Journal of the History of Biology 36 (2):249 - 284 (2003)

Abstract
Historically labor has been central to human interactions with the environment, yet environmentalists pay it scant attention. Indeed, they have been critical of those who foreground labor in their politics, socialists in particular. However, environmentalists have found the nineteenth-century socialist William Morris appealing despite the fact that he wrote extensively on labor. This paper considers the place of labor in the relationship between humanity and the natural world in the work of Morris and two of his contemporaries, the eminent scientist Thomas Henry Huxley, and the Fabian socialist Herbert George Wells. I suggest that Morris's conception of labor has much to recommend it to environmentalists who are also interested in issues of social justice.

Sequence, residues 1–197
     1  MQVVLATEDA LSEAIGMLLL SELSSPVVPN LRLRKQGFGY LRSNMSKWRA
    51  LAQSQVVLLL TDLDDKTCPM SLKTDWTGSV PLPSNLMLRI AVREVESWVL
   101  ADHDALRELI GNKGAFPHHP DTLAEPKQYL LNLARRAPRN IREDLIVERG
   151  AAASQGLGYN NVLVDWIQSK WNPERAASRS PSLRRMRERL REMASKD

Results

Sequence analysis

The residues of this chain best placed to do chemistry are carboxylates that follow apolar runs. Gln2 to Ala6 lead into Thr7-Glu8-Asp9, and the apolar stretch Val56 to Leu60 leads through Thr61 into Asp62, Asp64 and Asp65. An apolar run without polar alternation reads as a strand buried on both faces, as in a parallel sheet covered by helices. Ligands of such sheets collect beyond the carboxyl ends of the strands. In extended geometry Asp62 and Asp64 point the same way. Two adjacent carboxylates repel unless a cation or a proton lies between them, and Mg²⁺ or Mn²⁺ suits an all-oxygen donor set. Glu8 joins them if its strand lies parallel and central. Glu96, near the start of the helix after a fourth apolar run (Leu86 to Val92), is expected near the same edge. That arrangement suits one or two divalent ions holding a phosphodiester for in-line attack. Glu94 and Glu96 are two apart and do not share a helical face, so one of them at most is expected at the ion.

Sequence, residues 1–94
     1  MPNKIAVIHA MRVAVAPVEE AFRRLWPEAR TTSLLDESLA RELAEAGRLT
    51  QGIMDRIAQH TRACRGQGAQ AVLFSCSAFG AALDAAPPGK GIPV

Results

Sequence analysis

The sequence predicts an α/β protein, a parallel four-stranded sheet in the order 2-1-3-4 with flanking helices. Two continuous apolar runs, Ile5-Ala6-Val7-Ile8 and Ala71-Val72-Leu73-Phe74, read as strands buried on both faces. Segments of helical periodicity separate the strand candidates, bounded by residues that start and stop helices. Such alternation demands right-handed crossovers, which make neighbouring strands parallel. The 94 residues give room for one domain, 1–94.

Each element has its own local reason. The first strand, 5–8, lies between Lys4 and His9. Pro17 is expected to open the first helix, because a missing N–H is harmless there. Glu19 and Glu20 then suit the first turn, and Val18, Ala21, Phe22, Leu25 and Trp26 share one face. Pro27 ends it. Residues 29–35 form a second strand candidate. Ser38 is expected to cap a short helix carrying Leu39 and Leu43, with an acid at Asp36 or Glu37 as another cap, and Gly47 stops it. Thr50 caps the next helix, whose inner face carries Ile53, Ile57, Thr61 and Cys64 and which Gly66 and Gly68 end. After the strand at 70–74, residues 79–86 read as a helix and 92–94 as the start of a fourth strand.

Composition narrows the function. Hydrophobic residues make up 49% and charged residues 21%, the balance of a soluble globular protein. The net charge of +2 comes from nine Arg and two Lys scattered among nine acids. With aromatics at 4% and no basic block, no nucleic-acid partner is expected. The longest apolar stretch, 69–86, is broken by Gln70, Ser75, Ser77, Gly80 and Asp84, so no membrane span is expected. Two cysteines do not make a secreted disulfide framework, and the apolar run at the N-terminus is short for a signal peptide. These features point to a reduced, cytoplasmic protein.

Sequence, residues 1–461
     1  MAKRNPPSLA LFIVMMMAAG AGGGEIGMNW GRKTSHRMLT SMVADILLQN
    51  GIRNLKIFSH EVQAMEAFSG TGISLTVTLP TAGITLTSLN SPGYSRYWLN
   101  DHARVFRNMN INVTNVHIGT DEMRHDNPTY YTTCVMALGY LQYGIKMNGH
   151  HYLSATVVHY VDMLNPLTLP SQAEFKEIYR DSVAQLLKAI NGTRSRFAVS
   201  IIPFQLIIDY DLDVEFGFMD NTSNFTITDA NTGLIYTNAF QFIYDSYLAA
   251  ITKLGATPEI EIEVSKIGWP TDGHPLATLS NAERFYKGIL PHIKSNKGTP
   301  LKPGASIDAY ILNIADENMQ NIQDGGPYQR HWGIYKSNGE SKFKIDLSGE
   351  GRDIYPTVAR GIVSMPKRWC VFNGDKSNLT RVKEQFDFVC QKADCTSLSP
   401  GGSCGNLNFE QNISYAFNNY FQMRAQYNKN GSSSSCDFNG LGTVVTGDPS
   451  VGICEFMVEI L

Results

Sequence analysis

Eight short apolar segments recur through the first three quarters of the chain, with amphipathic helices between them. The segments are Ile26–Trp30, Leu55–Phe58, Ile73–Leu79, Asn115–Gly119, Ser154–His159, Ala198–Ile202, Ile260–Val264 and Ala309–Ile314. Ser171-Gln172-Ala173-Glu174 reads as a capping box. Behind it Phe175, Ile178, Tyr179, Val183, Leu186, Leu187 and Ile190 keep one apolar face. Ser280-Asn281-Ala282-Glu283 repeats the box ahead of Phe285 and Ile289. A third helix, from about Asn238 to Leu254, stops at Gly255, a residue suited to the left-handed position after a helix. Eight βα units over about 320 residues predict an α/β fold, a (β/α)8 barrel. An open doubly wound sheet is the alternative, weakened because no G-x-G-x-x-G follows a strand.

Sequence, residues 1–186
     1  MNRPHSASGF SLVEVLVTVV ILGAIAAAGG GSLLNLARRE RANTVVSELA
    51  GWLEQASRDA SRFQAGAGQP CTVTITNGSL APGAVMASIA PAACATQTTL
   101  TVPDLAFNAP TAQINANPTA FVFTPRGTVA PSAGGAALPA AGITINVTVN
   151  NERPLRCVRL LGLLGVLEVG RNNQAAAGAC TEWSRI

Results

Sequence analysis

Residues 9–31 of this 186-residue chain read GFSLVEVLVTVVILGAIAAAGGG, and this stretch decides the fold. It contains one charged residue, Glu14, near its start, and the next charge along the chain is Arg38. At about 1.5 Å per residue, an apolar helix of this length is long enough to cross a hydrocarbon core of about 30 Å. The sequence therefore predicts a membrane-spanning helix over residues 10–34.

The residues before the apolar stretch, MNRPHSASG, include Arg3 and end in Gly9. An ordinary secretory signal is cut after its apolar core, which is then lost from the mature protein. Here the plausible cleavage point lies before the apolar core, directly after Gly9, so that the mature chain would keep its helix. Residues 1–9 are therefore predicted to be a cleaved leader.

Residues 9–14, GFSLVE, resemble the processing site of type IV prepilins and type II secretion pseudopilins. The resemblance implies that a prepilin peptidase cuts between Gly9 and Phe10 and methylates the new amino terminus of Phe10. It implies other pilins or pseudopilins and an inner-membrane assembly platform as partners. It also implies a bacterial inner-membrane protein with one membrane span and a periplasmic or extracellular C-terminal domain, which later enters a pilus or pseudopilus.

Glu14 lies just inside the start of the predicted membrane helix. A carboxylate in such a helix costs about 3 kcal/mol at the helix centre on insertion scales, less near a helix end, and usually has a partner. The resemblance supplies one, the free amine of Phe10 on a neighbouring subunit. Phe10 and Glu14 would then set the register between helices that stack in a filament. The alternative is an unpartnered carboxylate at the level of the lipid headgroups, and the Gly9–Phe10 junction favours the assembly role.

Keywords biology  Britain  environment  evolution  ethics  Fabianism  Herbert George Wells  labor  nature  nineteenth century  political economy  political ecology  Malthusianism  Marxism  social theory  Thomas Henry Huxley  William Morris
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DOI 10.1023/A:1024486021318
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